I’ve never understood people who are so glad to be done with high school or college. I love learning! I always dream about going back to school for art classes. Fiber arts, painting, sculpting, printmaking, metalwork, jewelry design. You name it, I wanna at least try it. I’m hoping to be able to attend college again soon. When I was in high school I loved languages. I wanted to learn as many as I could and then be an interpreter at the UN. Hey, it was a goal! I still love learning languages. My daughter is taking French and I’m picking some of it up. When my husband was in the military I studied Korean with a friend for a few months and I took 5 years of Spanish during my school days. It’s too hard to pick just one thing I’ve ‘always wanted to learn.’ There are so many things I want to know, so many books to read and so many opportunities to learn. I am a perpetual learner. I pray I never lose that desire.

 

Technique Highlight:

A simple collage set into a wooden frame with vintage jewelry parts, silver string for a chain and glitter galore.

 

 


Larissa:

 

Larissa Says:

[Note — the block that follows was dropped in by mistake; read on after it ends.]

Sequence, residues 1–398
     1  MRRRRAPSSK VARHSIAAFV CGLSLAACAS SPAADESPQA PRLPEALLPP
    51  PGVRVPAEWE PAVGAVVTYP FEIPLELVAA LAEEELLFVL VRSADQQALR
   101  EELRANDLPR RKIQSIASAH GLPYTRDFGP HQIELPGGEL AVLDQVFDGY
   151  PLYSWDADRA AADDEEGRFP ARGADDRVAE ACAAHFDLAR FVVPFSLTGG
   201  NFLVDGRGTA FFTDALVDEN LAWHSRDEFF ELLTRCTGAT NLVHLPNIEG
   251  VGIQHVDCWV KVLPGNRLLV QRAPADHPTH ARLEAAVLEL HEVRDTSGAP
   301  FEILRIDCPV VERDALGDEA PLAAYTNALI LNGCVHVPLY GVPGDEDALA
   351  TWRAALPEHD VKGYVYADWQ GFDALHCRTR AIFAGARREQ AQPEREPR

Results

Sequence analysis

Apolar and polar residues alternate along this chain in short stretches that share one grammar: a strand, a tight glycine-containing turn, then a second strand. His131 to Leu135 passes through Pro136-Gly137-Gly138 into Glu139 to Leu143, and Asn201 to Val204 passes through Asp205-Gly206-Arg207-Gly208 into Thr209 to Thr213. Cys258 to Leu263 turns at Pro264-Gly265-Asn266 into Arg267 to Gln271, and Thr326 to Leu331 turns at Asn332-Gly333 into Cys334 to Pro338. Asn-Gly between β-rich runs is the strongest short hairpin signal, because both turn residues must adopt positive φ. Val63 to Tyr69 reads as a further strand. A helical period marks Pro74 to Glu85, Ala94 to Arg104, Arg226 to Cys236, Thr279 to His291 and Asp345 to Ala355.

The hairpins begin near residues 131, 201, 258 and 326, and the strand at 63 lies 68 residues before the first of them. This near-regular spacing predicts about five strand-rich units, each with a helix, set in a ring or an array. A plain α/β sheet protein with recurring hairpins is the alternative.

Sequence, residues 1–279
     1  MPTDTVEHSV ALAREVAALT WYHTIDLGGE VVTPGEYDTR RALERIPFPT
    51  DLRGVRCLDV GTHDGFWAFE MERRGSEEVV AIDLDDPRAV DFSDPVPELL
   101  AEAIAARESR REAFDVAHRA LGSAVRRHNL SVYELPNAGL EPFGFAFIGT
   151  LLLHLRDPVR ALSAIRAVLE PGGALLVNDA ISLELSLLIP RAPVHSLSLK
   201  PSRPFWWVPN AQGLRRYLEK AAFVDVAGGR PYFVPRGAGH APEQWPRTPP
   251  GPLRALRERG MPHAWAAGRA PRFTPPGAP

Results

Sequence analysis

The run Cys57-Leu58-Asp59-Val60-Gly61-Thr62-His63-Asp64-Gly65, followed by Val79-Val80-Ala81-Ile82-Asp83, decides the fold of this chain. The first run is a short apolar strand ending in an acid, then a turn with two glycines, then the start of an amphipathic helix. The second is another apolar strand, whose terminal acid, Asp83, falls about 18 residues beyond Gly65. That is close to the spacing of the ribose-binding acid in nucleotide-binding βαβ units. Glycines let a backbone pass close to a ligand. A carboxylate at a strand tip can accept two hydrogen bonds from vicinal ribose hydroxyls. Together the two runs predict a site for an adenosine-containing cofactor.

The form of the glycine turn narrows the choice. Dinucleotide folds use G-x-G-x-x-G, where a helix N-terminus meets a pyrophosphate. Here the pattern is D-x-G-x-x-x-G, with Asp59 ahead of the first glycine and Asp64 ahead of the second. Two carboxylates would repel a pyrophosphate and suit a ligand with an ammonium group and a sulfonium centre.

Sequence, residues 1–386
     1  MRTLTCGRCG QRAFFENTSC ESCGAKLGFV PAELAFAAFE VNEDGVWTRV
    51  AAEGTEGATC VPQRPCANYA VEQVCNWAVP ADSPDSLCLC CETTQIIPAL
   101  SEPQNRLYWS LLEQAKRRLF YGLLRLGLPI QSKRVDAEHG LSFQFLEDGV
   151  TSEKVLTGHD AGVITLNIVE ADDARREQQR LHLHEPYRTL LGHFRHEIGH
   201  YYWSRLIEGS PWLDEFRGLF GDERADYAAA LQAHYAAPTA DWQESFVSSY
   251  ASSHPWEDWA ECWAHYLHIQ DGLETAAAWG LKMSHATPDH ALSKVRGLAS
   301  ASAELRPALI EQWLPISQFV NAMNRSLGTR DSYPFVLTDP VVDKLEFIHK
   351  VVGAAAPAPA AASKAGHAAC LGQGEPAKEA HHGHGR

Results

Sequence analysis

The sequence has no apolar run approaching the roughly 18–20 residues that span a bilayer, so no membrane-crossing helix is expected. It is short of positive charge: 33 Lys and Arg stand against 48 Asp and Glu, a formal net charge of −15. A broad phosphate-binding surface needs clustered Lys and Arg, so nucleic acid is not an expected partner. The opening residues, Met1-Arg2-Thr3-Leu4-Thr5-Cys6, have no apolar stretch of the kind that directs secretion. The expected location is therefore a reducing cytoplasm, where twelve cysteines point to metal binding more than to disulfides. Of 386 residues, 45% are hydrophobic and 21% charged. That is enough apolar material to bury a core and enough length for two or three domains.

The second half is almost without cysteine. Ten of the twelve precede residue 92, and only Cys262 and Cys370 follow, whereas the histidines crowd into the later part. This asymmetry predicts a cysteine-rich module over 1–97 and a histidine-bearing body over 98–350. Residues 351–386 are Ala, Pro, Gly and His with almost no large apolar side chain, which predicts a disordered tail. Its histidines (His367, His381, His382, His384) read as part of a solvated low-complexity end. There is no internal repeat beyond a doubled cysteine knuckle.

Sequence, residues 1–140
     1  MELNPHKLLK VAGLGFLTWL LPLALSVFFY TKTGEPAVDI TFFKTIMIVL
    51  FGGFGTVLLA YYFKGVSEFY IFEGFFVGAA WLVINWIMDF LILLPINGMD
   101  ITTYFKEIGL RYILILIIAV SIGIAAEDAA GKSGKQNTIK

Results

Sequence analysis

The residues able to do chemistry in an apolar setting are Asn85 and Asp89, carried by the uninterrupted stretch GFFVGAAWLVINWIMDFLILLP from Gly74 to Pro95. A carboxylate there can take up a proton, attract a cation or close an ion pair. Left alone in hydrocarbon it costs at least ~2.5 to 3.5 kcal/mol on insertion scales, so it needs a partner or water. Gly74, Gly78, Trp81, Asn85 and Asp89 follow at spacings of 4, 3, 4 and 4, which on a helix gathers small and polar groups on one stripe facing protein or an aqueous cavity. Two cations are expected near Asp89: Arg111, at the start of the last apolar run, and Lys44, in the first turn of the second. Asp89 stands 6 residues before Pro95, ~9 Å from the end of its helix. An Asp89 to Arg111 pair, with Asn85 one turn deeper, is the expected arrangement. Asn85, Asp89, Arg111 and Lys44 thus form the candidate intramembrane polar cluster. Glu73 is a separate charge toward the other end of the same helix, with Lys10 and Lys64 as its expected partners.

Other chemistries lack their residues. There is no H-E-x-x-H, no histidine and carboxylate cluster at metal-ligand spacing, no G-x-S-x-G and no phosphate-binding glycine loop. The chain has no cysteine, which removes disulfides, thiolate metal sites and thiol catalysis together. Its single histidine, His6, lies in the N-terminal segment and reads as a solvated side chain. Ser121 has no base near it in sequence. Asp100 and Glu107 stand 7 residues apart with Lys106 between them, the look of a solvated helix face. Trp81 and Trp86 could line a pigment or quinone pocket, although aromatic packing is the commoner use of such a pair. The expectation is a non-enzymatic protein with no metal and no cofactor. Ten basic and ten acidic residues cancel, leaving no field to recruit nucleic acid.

I’ve always wanted to learn how to draw and paint. I had the dream that I would do my own paintings, watercolors and whatever I wanted. When I was a teenager, I started having drawing lessons, but I quit it very soon, so unmotivated. Since then, I just have considered myself as someone who simply didn’t have the talent to draw, someone who simply could not draw.

 

But one day, about three years or four years ago, I started scrapbooking and I made myself a mental list of things I wanted to learn: to draw, to sew, to photograph, to work on some computer skills… I decided to work these skills gradually and drawing was the first skill I decided to work on. I found an artist who loves teaching and I began my way towards color, lines and my soul.

 

One year later, I realized I could draw, do watercolor and acrylic paintings.

 

I’m totally amazed by this new fantastic world that has been opening up in my life. Now I consider myself capable of learning everything I really want, as long as I put some effort on it.

 

Technique Highlight:

I drew and painted my watercolor background. After highlighting some lines with a dark pen, I worked on the layers for my scrapbooking page.

 

 


Debee:

 

Debee Says: